1. I only say yes to projects that excite me
What you don’t do determines what you can do. –T. Ferriss
We love our job. This is in no way a problem, but it can definitely lead us down the wrong path if we’re not careful. Especially when starting out, we have the urge to say yes to every project that comes in. Don’t do that. When we choose to only say yes to the projects that excite us, it’s inevitable that we will be happier and in turn produce better work. We can then proudly display this work on the interwebs to attract similar work and initiate a snowball effect of design happiness. ⛄
I know that first hand, we don’t always have the option to say no. When I was 17, I had to say yes to a terrible project in order to pay rent. I’m sure many of us have been in similar or even worse situations. It’s not ideal, but starting out, having a day job that takes care of the daily necessities allows you to maintain the freedom to design on the side. Since then, I have been fortunate enough to land a design job at an agency that allows me to be selective with how I spend my time after hours.
Being more selective also avoids burnout. I have a close buddy who used to be a super passionate designer, and he gave up on design because he had to take on work he didn’t enjoy in order to pay rent. Stressed out, no longer enjoying design, he ended up transferring to a completely different profession. It’s unfortunate stories like this that make me sad, knowing they could have been avoided.
2. I live more
Every man dies. Not every man really lives. –Braveheart
In the book, Delivering Happiness, by Tony Hsieh, he discovers that through understanding of our true motivations, one would eventually realize “true happiness.” I found that work, I wasn’t passionate about, was leading me to an indirect path towards the pursuit of happiness.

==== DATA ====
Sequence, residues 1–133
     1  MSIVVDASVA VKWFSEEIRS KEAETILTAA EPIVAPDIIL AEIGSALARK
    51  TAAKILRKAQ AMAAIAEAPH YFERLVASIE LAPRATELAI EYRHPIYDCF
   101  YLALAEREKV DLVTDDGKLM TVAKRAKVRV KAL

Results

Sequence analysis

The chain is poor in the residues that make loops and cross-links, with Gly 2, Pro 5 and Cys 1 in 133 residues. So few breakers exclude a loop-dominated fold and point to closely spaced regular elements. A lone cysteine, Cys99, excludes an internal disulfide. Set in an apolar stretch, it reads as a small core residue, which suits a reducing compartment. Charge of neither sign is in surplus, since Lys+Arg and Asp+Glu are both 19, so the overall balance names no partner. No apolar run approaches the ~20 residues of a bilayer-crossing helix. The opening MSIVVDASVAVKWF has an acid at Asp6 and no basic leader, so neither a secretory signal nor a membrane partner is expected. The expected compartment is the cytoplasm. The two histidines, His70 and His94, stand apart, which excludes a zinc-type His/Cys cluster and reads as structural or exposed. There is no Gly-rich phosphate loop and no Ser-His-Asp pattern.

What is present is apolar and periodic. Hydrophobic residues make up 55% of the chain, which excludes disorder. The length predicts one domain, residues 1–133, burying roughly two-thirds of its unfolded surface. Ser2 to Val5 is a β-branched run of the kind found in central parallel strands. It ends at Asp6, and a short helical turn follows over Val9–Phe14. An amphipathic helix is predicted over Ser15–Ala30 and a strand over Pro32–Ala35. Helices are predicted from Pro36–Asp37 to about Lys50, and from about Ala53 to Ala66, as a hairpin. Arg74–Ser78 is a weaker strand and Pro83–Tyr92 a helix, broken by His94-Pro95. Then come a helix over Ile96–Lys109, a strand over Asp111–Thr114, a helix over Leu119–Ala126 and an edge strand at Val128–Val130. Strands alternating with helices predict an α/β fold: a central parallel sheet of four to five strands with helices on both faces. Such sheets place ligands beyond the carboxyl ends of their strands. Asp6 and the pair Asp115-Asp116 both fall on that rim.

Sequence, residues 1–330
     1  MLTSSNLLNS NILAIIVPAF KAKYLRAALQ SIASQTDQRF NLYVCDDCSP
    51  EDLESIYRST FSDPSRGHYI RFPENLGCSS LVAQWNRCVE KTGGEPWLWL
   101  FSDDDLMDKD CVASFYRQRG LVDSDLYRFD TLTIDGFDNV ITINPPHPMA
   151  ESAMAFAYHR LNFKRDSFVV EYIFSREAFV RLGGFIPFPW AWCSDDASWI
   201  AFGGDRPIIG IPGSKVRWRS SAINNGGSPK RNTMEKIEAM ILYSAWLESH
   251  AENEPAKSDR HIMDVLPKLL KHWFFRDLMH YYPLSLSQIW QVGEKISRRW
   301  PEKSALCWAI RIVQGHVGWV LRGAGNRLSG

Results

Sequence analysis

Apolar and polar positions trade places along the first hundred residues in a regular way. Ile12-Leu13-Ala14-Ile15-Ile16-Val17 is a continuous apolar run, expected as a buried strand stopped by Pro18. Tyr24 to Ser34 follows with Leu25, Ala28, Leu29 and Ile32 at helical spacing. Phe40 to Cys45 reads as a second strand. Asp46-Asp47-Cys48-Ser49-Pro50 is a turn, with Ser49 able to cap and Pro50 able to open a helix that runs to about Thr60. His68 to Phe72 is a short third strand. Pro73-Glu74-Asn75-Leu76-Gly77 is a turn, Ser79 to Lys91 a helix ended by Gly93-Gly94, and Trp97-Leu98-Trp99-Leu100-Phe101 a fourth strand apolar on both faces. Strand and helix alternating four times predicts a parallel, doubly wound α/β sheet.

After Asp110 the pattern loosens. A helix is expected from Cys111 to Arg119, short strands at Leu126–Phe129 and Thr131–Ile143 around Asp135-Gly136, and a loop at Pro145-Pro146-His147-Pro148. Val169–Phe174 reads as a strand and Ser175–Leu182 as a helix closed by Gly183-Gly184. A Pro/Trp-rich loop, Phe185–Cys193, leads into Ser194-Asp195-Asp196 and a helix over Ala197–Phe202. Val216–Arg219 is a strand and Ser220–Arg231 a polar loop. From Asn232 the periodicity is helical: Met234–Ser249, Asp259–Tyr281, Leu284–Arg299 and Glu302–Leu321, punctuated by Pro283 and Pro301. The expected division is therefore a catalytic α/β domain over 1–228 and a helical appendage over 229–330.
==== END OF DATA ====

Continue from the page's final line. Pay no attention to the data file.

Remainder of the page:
I’ve done many 100+ hour weeks, in my day, and I really don’t recommend allowing it to become a habit. We only have so much time on Earth, and I don’t think we should spend a majority of it behind a computer screen. I now spend much more time with friends, family, and my girlfriend. It is now a goal of mine to go on adventures, try new things, and relax.
Spending more time doin’ shtuff and less time working, actually makes us much better designers. We gain new perspectives, experience more of the world, and learn more about ourselves. Spending less time working, has made me even more focused and excited, when I do sit down at my desk.
And hey, there are times where you gotta grind and put in those 100+ hour weeks (and often I enjoy it), but in my experience it’s not healthy to let it become a habit.
3. I learned confidence and humility
People are so scared to lose that they don’t even try. –Yeezy
Not everybody will like our work, and that’s good. It’s like baking a cake. Many people choose to bake a perfectly average cake, knowing that no one will love it, no one will hate it. But if you decide to bake a delicious chocolate cake, know that not everyone will like chocolate, but many will love it. Bake the chocolate cake. Having the confidence to be bold when needed is 🔑 to doing good work.
As designers, we also need to accept the inevitability of failure. We need to have the humility to accept when we’re wrong just as much as we need to know when to stand by our design decisions. It’s hard, yo. It’s something that comes with time, practice, trial and error.
I just heard a story about a brilliant design student. This student repeatedly theorizes thoughtful and innovative ideas, but rarely is able to begin bringing them to fruition. Fear has petrified them. The intimidation of a perfect blank screen overpowers their minute confidence to risk making the page imperfect. We need to accept the ebb and flow of the creative and design processes if we expect to create good work.
One thing that I’ve done that made me a happier designer is that I listen to my inner self, looking for what what the #1 thing that made me want to work everyday. For me it was the “fun” in any projects. It drives my passion and direct it into constructive energy. –@jmdenis
What’s something you did that made you a happier designer?
Send me a message on twitter and let’s talk about it. I might even add what you have to say to this article (and give you credit of course).
See what else I’m up to at ryan.menu. The more you share and recommend this article the better chance it has to make people happy.